11th Circuit Upholds Denial of Attorney's Fees Where Attorney Failed to Provide Pre-Litigation Notice of Claim Before Suing Other Attorneys Under FLSA.
Hat Tip to Benjamin G. Shatz of Manatt, Phelps & Phillips, LLP, for bringing Sahyers v. Prugh, Holliday & Karatinos, L.P. (11th Cir. No. 08-10848, March 3, 2009) (published) to our attention. We do not usually report on non-9th Circuit federal cases, but we think you will agree that this one was just too good to pass up. The case reminded co-contributor Marc Alexander of his high school English teacher Ms. Betty Bivins who reprimanded students with the withering words, "you are rude, crude, and socially unattractive."
After she left her law firm, Christine Sahyers, a paralegal, sued her former employer, and its name partners, under the Fair Labor Standards Act (FLSA), for failing to pay her overtime. Her (mercifully unnamed) attorney filed suit, without notifying the law firm of his client's claims or attempting to collect the money due. Ms. Sahyers "had instructed her lawyer just to file suit, which he did."
Ensuing settlement discussions were fruitless. Sometime after discovery closed, defendants made a settlement offer for $3,500, which was accepted. The court entered a judgment in favor of Ms. Sahyers, and set a hearing to determine fees and costs. Ms. Sahyers asked for $13,800 in fees and $1,840.70 in costs. The district court concluded that plaintiff won the case, but that, "there are some cases in which a reasonable fee is no fee," and found that this was such a case.
"This appeal," wrote Chief Judge Edmondson, "is about the power of a district court to supervise the work of the lawyers who practice before it." So what did the Court of Appeals do?
The Court of Appeals upheld the District Court's ruling:
"The district court's inherent powers support its decision here. And the lawyer for Plaintiff made absolutely no effort -- no phone call; no email; no letter -- to inform them of Plaintiff's impending claim much less to resolve this dispute before filing suit. Plaintiff's lawyer slavishly followed his client's instructions and -- without a word to Defendants in advance -- just sued his fellow lawyers. As this district court saw it, this conscious disregard for lawyer-to-lawyer collegiality and civility caused (among other things) the judiciary to lose significant time and resources on unnecessary litigation and stood in stark contrast to the behavior expected of an officer of the court. The district court refused to award -- and thereby to encourage -- uncivil conduct by awarding Plaintiff' attorney's fees or costs, Given the district court's power of oversight for the bar, we cannot say that this decision was outside of the bounds of the court's discretion."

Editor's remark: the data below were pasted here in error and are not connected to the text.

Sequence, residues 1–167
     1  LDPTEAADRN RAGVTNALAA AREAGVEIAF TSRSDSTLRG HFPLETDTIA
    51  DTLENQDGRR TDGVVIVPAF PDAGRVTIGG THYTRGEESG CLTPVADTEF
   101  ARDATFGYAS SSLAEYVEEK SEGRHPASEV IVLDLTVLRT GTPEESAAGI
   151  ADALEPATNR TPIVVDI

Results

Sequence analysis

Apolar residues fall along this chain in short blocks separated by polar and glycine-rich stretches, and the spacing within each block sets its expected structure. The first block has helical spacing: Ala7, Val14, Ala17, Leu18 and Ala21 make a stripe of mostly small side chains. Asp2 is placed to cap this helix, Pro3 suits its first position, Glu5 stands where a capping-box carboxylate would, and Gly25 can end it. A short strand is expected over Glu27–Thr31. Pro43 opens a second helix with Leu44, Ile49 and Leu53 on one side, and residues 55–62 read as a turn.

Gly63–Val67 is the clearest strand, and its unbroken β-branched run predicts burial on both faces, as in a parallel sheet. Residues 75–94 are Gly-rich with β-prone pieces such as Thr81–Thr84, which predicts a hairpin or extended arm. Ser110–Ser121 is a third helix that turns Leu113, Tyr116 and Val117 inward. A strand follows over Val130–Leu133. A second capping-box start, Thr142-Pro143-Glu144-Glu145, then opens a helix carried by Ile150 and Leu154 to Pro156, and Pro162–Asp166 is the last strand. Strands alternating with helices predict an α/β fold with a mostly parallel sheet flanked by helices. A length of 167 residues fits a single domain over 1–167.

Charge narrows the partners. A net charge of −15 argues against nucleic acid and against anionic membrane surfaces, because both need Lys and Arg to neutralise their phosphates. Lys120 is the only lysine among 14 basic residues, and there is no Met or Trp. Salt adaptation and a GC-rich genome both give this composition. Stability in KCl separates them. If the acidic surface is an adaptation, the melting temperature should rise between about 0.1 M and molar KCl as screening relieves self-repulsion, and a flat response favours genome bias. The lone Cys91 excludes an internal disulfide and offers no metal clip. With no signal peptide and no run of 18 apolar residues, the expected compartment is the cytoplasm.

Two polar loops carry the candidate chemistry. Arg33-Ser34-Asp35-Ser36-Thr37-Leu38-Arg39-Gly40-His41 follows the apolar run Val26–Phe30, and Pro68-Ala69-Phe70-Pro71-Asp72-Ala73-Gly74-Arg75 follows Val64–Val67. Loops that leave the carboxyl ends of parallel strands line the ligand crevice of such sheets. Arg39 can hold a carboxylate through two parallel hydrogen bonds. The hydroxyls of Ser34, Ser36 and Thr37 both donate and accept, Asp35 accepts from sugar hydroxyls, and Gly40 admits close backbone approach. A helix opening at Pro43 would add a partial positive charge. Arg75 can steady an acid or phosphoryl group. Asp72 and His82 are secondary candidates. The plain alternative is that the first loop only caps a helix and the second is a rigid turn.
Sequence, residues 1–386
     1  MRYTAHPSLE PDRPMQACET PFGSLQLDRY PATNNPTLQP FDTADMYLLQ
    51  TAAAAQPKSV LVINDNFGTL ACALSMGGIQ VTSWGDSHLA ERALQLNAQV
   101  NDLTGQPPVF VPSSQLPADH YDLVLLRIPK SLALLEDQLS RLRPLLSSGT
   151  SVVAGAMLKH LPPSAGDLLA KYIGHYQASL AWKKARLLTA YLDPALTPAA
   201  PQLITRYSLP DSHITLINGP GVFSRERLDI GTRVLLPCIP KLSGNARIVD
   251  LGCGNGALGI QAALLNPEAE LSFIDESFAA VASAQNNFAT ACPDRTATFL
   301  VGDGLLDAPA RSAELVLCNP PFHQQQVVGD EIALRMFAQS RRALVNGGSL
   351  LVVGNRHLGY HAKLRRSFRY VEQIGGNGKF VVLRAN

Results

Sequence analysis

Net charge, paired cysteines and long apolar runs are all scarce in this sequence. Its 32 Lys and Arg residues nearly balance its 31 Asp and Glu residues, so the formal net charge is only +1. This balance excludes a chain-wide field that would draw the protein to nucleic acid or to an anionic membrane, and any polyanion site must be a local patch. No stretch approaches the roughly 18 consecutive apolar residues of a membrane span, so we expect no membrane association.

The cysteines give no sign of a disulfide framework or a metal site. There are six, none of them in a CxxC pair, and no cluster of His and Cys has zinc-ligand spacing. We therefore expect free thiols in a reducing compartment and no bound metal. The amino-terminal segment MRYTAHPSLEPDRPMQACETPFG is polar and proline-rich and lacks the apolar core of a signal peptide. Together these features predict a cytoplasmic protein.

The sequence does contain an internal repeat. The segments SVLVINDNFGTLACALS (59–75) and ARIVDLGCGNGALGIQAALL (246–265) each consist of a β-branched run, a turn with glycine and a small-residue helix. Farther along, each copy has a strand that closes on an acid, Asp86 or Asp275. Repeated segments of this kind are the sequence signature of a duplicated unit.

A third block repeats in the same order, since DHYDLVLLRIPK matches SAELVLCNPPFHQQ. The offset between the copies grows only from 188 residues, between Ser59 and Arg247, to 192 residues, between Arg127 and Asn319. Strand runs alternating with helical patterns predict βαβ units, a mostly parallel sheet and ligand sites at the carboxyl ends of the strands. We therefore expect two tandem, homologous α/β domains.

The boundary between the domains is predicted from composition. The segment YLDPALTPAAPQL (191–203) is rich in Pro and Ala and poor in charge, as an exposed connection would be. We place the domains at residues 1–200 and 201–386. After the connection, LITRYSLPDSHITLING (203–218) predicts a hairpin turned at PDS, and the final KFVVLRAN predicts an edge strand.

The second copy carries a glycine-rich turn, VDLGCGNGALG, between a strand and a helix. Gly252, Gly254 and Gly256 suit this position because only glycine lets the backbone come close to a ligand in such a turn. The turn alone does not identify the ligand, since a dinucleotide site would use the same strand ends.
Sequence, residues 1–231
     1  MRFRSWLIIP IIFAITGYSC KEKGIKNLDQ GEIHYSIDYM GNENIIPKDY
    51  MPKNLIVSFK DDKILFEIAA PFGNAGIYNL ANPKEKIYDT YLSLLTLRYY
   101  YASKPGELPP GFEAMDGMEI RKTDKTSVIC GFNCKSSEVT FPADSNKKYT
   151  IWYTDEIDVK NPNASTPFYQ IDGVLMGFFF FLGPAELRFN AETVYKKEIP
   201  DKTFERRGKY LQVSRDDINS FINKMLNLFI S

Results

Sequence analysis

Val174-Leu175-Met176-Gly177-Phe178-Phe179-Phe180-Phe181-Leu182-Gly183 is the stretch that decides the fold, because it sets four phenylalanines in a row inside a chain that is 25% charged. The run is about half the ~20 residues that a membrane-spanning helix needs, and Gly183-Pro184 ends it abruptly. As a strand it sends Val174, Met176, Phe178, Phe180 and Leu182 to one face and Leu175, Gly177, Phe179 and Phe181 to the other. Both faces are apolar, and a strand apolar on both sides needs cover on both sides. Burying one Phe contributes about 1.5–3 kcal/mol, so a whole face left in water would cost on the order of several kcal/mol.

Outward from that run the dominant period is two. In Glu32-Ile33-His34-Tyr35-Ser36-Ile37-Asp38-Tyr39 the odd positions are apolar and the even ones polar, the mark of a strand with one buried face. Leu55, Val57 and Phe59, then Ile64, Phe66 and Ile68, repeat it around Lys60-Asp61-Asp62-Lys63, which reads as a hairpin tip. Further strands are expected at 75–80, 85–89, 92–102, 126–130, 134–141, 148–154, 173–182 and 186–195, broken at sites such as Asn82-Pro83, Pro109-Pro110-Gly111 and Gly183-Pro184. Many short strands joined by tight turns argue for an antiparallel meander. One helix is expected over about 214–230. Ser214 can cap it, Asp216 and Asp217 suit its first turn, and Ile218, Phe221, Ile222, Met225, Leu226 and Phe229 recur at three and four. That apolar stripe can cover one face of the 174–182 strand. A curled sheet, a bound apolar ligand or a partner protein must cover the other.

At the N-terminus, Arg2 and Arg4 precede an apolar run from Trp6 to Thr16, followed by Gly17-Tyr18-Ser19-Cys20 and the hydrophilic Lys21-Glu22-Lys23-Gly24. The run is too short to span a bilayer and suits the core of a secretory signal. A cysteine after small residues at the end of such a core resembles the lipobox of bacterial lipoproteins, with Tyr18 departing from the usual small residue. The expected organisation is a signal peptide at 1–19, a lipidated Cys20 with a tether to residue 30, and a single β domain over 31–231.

The Court of Appeals was not impressed by plaintiff attorney's "just following orders" explanation for his conduct. In a footnote, the Court explained, "a lawyer's duties as a member of the bar -- an officer of the court -- are generally greater than a lawyer's duties to the client."
What lesson is one to draw from this case? That pre-suit notice is usually or always required in an FLSA lawsuit? That such requirements apply only when one (for shame) sues other lawyers? That courts should use their inherent powers to deny attorney's fees and costs? Dictum, all dictum.
The case, suggestive as it is, comes with a built-in limiting disclaimer. "We strongly caution against inferring too much from our decision today. These kinds of decisions are fact-intensive. . . . We declare no judicial duty. We declare no presumptions. We declare only that the district court did not abuse its discretion in declining to award some attorney's fees and costs based on the facts of this case." Helpful, no?